Of course the real secret to saving money on Black Friday is to not go shopping at all, but that hardly sounds appealing to the average consumer. According to America’s Research Group and Inmar, a solid 50 percent of Americans plan on shopping on Black Friday, up from 43.2 percent last year. It might be too late for this holiday season, but the day after Christmas is a good time to begin your shopping for next year. I always head to the local discount store the day after Christmas to check out the gift sets in the holiday aisle that are marked down to half price. Even if I don’t plan on using them for gifts, the discount means some good deals on products like pricey razor sets, body wash, and perfume.

Unless you actually enjoy the Black Friday mayhem or have managed to make it a cherished annual family or friend “event,” here are some of secrets to saving money during the holiday season:

Consider shopping from home

Other than the really big-ticket items that only the first few customers net, many of the same sales from the Black Friday ads can be found online, usually beginning sometime on Thanksgiving Day, and often the night before! Relax after the big family meal by surfing for deals online. You don’t even have to do all the work to find the best deals. Let websites like www.cheapcheapcheap.com and www.Hip2Save.com do the work for you. Target shoppers might want to consult the www.TotallyTarget.com blog, while Wal-Mart shoppers will want to check out www.IHeartTheMart.com.

Set a budget

Decide ahead of time what your gift giving budget will be and then bring that amount in cash with you. When the cash is gone, the shopping is over. Study the ads carefully and plan your shopping strategy accordingly. Shop with a friend or family member and separate inside the store with each other’s lists so you can cover more territory. Are there stores that offer a gift card incentive to  a certain number of early shoppers? Leave the camping out for a television you don’t need to someone else and hit a few stores for their free gift cards. I’d rather net $10 worth of free merchandise than spend $100 I don’t have.

Take advantage of price-matching

Instead of hitting six different stores in one day, find out which stores will price match and consolidate your shopping to one or two stores. Don’t forget to bring the store ads with you and present them to the cashier at the check-out.

Find discount codes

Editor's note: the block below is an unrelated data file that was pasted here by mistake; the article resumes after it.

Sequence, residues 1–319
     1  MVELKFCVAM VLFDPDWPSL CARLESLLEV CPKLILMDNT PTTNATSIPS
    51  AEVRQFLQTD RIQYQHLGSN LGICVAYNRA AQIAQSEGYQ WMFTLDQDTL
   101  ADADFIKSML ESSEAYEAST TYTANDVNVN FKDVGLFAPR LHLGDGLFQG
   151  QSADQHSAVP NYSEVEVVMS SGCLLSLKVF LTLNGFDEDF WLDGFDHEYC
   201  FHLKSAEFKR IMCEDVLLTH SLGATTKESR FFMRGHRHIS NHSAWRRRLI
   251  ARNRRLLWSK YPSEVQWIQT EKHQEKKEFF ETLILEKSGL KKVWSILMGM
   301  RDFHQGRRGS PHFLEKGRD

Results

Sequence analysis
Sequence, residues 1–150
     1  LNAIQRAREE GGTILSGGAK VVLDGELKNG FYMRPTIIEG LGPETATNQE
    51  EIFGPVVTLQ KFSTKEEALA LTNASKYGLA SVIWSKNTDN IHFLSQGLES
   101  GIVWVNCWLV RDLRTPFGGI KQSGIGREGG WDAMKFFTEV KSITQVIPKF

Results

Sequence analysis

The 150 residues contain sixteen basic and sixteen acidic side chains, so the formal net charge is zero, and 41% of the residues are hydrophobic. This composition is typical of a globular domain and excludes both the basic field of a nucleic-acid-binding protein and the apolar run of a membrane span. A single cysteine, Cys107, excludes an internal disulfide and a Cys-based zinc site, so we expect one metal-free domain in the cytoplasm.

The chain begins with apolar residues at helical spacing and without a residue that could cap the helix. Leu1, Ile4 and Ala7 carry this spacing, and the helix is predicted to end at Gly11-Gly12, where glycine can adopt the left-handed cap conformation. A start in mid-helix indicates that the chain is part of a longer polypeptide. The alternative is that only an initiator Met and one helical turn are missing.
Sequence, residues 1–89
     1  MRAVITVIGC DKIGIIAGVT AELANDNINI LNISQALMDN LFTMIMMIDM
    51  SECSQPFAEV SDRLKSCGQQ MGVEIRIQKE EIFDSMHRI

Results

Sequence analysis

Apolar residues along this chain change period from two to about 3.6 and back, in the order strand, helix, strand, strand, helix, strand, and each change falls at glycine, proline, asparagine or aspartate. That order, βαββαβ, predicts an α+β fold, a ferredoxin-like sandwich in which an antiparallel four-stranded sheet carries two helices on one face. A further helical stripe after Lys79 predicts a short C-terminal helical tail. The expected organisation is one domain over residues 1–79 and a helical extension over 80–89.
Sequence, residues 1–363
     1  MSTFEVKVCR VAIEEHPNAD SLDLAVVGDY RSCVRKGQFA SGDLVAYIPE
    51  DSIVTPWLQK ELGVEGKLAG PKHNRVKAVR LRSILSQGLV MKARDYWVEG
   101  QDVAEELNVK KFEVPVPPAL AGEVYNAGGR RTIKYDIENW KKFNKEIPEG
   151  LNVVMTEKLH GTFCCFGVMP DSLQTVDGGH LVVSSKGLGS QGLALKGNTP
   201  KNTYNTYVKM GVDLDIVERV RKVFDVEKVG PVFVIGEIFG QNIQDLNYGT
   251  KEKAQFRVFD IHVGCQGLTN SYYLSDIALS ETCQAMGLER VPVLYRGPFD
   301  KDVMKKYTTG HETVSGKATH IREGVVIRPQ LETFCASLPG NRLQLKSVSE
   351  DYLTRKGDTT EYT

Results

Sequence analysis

Search websites like www.RetailMeNot.com, www.CouponCabin.com, and www.CouponMountain.com or just type the merchant’s name in the search engine, followed by “coupon code.” Whether it is a percentage off or a free shipping code, there is often a discount code that can be applied to your purchase.

Always go through a rewards site like www.Ebates.com or www.ShopAtHome.com for rebates on your online purchases. These websites send out checks annually once you hit the minimum balance. Ebates also offers daily deals when one or more of the merchant’s rebate is doubled.

Think outside of the box

Remember, it isn’t all about how much you spend. Some of the best gifts involve time; whether that means hand-crafted with love or an event or shared family activity. Last year I purchased a discounted Groupon offer for an overnight stay at a water park hotel. I printed off the voucher and made copies to put in each of my younger girl’s stockings. They were thrilled at the prospect of a water park experience in the middle of January. This year my adult children have challenged each other to a thrift-store duel, where gifts must be purchased at a thrift store and cannot exceed five dollars. A prize will go to the person who purchases the most hideous sibling gift and another to the most amazing gift unearthed at a thrift store.
Mary Potter Kenyon graduated from the University of Northern Iowa with a BA in psychology and is a reporter for the Manchester Press newspaper. She is widely published in magazines, newspapers, and anthologies and a popular speaker and workshop prese... Read More




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